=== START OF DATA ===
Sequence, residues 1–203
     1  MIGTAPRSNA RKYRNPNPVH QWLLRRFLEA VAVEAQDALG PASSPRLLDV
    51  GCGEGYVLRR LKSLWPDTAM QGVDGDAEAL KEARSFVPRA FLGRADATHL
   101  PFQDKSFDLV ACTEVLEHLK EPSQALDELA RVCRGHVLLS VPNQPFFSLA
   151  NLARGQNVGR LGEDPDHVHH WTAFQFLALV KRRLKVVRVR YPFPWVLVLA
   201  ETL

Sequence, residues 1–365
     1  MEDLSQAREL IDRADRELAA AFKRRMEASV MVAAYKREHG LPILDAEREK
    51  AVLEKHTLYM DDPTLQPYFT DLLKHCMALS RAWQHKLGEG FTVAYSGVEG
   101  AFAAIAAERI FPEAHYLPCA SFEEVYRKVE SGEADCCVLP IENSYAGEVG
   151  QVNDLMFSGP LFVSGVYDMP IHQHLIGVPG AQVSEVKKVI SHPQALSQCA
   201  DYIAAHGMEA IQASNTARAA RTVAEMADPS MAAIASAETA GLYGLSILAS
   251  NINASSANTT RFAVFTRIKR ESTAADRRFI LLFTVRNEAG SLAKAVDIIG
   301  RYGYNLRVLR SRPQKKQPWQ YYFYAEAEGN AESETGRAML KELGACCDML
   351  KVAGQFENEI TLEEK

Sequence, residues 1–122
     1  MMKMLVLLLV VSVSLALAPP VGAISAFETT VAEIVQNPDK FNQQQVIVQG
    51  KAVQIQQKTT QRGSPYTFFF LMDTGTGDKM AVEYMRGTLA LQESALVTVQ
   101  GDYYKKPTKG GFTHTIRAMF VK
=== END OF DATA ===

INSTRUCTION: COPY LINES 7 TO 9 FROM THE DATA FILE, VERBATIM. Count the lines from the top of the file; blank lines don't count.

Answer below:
Sequence, residues 1–365
     1  MEDLSQAREL IDRADRELAA AFKRRMEASV MVAAYKREHG LPILDAEREK
    51  AVLEKHTLYM DDPTLQPYFT DLLKHCMALS RAWQHKLGEG FTVAYSGVEG